What's really terrifying about anthrax is how hardy it is. According to the Journal Sentinel, it can survive in frozen soil for decades and oh guess what, our climate is warming up. Which means that dead, anthrax-infected cattle that were buried in the permafrost will still be able to infect humans and animals up to 105 years later. Plus, birds can poop anthrax, so there's that.

Rabies can incubate for years

And because anthrax in melting permafrost and bubonic plague in cats is not terrifying enough, one of the world's deadliest diseases can linger in a human body for years, sometimes decades, before finally deciding to get on with the work of painful, horrible death.

In 2008 the CDC documented a case of rabies in a 10-year-old girl who was infected in Hong Kong but didn't develop symptoms until at least four and half years (possibly even as long as six years) later, when she was living in Australia. You're probably thinking, "That sounds suspicious, how do they know she didn't get exposed in Australia?" Because the CDC can trace the phylogenetic origins of the virus, which identified the specific virus that killed the girl as being of Chinese origins. And then they decided to tell everyone what they found so that we can live our lives in irrational fear.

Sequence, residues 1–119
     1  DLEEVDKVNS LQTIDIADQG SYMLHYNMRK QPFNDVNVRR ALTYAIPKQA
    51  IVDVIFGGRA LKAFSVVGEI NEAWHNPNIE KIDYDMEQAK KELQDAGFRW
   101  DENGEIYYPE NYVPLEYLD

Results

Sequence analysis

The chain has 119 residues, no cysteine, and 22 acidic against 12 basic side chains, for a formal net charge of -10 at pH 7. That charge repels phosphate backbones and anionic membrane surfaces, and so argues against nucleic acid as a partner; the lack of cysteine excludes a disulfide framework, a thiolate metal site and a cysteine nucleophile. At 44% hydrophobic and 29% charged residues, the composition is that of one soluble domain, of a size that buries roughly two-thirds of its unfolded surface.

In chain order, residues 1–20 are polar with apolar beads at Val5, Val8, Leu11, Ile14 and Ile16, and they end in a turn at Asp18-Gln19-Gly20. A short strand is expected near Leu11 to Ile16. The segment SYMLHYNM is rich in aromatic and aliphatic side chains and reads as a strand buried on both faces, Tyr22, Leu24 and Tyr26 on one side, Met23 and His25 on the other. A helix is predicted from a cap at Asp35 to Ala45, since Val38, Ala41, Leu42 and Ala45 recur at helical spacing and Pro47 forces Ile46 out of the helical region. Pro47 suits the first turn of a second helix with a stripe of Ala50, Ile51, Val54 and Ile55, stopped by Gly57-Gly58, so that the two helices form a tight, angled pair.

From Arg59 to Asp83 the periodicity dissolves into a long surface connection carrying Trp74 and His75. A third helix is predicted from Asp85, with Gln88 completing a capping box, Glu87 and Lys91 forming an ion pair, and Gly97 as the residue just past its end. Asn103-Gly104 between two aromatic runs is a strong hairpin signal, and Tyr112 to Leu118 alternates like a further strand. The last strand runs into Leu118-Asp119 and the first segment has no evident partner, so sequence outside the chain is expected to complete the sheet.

So now you can count back to the last time an animal bit you and absolutely not be comforted if it happened within the last six years. And you won't want to read about this other case, in which a 48-year-old man was diagnosed with rabies 25 years after he was bitten by a dog in Goa, India. You might have to wait until you're middle-aged before you can stop worrying about the bat that was flying around in your bedroom 10 years ago or the stray cat that scratched you back in 1997. You're welcome.

Wine, candles, and Ebola

Ebola liquefies your tissues and then you bleed to death out of every orifice in your body. But it's not all bad, maybe you won't actually die. On average, one out of two people will survive the whole liquefied flesh and hemorrhaging thing and then go back to their homes illness-free. Except now they carry Ebola and guess what, it's an STI.